"It was a little disappointing," Teichert
said. "Obviously you think they're (Broder-
ick and Stinson) going to shoot around par.
But they've been great for us all year and we
look forward to finishing out the year with
Michigan had many opportunities to capi-
talize on during the weekend. The Wolver-
ines were in 10th after the first day, but they
couldn't turn the corner en route to their
Teichert seemed disappointed they were
unable to do so.
"Today wehad perfectweather andperfect
scoring opportunities," Teichert said. "It also
wasn't that difficult of a course, which is why
some of our players were disappointed with
the scores they got. "
Nebraska won the tournament,but BigTen
rivals Northwestern and Indiana both fin-
ished above the Wolverines. Michigan hopes
that won't be a sign of things to come when
they compete at the Big Ten championships
in late April. The Wolverines have struggled
as of late, and finished 12th out of 16 teams at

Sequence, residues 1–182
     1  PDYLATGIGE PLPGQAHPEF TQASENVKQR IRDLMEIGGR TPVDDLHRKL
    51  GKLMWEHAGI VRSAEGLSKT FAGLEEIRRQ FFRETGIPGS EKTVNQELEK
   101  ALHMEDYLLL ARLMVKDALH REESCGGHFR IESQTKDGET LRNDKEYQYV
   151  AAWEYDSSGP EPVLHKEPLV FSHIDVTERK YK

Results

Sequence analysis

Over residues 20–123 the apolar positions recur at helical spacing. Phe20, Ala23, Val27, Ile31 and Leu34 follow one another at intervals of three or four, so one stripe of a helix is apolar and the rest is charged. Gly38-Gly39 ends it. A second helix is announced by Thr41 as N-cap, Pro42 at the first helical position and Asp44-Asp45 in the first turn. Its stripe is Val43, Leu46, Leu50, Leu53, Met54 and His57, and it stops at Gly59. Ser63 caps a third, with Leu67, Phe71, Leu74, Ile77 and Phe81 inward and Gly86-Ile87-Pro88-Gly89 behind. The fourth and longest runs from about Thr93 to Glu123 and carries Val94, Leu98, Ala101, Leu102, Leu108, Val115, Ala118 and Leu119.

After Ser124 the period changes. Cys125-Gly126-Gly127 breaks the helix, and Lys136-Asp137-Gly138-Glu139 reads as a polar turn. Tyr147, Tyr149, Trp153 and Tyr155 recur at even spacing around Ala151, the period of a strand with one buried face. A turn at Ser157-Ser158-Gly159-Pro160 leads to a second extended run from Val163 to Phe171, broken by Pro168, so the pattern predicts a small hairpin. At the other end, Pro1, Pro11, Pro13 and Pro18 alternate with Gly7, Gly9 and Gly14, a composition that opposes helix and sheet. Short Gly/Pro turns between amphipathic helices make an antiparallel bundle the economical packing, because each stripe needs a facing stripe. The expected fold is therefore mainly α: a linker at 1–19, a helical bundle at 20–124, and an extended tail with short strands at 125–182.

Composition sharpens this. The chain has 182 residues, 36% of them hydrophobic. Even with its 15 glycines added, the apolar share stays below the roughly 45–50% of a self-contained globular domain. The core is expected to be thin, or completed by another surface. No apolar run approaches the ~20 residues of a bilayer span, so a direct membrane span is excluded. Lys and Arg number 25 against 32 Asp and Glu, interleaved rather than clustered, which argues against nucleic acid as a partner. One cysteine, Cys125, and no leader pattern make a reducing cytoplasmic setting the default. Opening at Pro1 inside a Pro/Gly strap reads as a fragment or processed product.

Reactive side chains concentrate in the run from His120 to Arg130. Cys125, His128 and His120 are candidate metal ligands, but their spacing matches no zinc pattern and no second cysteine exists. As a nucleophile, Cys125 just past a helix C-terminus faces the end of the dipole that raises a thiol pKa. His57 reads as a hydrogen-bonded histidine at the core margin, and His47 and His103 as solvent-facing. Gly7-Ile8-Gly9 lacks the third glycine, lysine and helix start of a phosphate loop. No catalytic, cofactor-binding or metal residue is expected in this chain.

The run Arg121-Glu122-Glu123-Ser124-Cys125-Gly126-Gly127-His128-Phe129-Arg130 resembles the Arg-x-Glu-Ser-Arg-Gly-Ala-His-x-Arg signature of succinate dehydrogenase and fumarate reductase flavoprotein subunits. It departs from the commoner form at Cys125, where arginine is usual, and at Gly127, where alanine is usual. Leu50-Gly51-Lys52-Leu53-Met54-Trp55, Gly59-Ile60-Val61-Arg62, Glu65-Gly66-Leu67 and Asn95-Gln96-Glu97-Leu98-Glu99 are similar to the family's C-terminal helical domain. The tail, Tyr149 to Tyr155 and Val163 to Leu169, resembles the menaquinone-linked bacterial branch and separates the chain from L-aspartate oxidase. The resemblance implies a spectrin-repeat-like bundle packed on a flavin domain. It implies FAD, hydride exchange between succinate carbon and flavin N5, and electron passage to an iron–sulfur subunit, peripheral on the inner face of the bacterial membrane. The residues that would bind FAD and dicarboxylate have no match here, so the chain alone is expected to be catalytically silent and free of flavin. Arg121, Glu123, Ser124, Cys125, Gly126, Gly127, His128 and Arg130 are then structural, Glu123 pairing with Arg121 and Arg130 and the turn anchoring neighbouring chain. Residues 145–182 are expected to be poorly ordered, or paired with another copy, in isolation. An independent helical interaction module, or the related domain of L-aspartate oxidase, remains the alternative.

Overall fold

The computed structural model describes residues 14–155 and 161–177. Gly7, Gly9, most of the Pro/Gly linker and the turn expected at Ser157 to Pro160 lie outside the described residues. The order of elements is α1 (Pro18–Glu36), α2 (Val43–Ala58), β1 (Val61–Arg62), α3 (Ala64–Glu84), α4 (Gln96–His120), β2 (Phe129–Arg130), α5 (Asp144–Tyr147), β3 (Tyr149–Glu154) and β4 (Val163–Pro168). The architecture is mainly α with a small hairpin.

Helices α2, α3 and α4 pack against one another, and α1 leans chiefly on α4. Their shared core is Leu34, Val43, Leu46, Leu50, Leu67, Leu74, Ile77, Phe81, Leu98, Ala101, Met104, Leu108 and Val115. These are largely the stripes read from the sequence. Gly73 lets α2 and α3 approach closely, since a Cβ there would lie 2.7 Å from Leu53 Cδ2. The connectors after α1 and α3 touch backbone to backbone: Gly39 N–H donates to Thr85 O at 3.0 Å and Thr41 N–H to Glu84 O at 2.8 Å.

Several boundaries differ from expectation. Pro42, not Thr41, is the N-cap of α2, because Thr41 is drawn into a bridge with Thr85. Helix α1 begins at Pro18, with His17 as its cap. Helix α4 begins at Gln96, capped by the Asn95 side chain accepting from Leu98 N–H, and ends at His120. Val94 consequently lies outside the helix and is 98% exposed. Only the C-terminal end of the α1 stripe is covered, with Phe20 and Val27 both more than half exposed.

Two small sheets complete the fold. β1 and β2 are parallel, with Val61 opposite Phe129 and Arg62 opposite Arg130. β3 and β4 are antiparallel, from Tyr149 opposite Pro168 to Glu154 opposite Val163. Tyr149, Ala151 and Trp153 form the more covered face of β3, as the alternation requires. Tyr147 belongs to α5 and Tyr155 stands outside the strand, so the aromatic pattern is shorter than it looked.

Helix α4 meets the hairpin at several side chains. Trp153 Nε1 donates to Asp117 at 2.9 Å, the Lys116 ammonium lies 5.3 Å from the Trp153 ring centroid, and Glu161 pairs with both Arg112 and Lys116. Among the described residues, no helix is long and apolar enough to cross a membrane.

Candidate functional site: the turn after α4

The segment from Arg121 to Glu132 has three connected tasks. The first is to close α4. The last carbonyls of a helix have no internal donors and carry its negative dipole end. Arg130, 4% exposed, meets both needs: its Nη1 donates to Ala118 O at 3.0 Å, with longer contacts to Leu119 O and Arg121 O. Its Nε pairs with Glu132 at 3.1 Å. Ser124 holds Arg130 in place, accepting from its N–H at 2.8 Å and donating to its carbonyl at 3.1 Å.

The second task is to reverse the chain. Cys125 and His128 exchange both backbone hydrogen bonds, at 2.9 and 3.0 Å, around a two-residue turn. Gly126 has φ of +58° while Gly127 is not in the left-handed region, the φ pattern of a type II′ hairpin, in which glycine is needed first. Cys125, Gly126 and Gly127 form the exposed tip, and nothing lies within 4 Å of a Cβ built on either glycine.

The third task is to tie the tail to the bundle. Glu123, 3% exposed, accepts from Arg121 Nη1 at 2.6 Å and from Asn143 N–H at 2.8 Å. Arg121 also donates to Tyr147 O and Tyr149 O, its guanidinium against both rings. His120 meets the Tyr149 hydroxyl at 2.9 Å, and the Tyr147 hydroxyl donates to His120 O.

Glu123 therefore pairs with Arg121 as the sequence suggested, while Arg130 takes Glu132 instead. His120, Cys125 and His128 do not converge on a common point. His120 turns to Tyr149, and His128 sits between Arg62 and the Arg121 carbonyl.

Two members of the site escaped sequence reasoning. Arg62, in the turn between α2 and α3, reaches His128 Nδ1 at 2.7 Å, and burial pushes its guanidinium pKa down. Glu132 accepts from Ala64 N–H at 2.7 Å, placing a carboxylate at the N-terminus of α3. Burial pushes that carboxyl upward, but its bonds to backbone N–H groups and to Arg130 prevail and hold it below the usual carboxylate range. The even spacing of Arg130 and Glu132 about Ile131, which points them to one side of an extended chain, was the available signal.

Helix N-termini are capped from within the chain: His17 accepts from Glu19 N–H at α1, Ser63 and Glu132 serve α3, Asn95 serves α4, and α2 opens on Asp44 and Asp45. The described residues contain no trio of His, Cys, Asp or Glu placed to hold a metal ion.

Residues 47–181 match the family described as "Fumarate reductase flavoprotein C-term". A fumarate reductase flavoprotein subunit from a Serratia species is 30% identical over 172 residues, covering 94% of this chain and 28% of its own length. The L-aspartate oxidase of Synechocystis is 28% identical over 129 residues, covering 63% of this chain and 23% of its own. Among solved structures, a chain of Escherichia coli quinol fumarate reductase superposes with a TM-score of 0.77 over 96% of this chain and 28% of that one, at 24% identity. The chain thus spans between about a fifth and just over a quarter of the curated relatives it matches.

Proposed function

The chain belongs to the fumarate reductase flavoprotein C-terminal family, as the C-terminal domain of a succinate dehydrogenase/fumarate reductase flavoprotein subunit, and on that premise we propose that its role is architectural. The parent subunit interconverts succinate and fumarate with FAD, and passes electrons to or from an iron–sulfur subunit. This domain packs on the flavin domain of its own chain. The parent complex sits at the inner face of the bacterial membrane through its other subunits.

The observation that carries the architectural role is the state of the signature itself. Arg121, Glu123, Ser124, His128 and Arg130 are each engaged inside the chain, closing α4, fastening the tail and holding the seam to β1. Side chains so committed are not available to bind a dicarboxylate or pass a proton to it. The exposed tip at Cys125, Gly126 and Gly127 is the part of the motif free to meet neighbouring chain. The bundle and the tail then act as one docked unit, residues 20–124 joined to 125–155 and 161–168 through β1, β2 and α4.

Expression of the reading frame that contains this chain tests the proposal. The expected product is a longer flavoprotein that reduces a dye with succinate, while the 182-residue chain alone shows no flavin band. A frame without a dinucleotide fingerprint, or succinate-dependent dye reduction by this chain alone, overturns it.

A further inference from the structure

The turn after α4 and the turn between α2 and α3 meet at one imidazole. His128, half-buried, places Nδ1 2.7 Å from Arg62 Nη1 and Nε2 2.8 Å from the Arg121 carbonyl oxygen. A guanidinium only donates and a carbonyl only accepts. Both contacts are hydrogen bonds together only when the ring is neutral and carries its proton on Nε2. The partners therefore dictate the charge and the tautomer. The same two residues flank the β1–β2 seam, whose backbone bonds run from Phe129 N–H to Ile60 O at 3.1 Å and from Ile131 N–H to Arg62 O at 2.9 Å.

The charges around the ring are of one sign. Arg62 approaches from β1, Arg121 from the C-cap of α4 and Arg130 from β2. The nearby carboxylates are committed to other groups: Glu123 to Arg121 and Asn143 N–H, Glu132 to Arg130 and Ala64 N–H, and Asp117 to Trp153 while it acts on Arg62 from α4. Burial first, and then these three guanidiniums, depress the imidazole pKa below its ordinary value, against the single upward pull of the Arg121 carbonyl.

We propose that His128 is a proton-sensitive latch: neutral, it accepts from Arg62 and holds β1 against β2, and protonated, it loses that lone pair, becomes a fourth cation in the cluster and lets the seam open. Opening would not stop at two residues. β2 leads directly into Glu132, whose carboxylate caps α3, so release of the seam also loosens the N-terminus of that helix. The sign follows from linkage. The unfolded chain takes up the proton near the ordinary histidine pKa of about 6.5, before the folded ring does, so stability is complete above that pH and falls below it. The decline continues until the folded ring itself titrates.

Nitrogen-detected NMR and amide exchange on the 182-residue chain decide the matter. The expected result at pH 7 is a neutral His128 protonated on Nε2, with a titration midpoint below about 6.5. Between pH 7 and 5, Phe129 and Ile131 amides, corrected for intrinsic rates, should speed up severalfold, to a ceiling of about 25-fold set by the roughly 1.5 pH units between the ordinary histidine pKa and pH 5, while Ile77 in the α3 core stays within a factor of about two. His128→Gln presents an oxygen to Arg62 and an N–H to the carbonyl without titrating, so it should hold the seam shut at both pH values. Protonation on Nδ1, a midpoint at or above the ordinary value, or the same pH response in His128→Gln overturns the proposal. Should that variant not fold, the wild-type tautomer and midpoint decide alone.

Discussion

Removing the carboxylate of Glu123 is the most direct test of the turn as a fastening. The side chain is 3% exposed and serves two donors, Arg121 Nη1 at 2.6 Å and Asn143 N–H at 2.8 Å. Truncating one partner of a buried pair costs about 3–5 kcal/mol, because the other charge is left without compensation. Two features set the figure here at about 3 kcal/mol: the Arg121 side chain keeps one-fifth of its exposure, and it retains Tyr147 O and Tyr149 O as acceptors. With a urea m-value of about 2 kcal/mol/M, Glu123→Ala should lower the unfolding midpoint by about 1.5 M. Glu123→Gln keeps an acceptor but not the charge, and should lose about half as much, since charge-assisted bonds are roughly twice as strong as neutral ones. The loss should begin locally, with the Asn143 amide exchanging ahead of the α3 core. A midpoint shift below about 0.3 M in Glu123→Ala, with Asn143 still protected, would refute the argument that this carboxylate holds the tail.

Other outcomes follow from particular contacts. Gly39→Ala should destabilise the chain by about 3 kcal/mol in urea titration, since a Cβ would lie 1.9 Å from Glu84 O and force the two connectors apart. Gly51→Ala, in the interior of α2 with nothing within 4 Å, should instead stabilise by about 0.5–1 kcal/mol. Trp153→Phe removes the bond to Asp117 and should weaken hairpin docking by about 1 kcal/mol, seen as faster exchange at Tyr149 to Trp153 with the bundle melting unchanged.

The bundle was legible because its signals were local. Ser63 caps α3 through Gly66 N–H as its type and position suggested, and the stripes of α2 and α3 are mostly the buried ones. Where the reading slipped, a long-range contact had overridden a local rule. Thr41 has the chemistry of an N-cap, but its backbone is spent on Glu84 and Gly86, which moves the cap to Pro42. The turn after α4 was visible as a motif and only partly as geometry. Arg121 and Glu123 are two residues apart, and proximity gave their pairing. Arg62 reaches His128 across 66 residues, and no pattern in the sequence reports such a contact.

the Lady Gator Invitational two weeks ago.
Still, Teichert doesn't seem too worried.
"I'm looking forward to Big Tens," Tei-
chert said. "I think we're going to do really
well and end the season on a positive note."
Senior Brianna Broderick and the rest of the Michigan women's golf team finished eighth out of 16 teams in Tucson, Ariz this weekend.
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Wolverines keep on
rolling, beat Badgers
The No. 28 Michigan men's ten- Junior Matko Maravic led the
nis team continued its winning way for the Wolverines, securing a
ways on Saturday, defeating Big Ten crucial win at the No.1 singles spot,
foe Wisconsin in Madison, 4-3. defeating Badger junior Nolan Pol-
The victory was the Wolverines' ley, 7-6 (2), 6-4. Senior Brian Hung
third straight and kept them alive clinched the team win at the No. 2
in the race for the conference title. singles position when he recovered
Michigan swept the doubles from a disastrous first set to secure
portion of the meet and won three a comeback victory over Wisconsin
of the first four singles matches to junior Jeremy Sonkin, 0-6, 7-6 (4),
build an insurmountable lead. 6-2.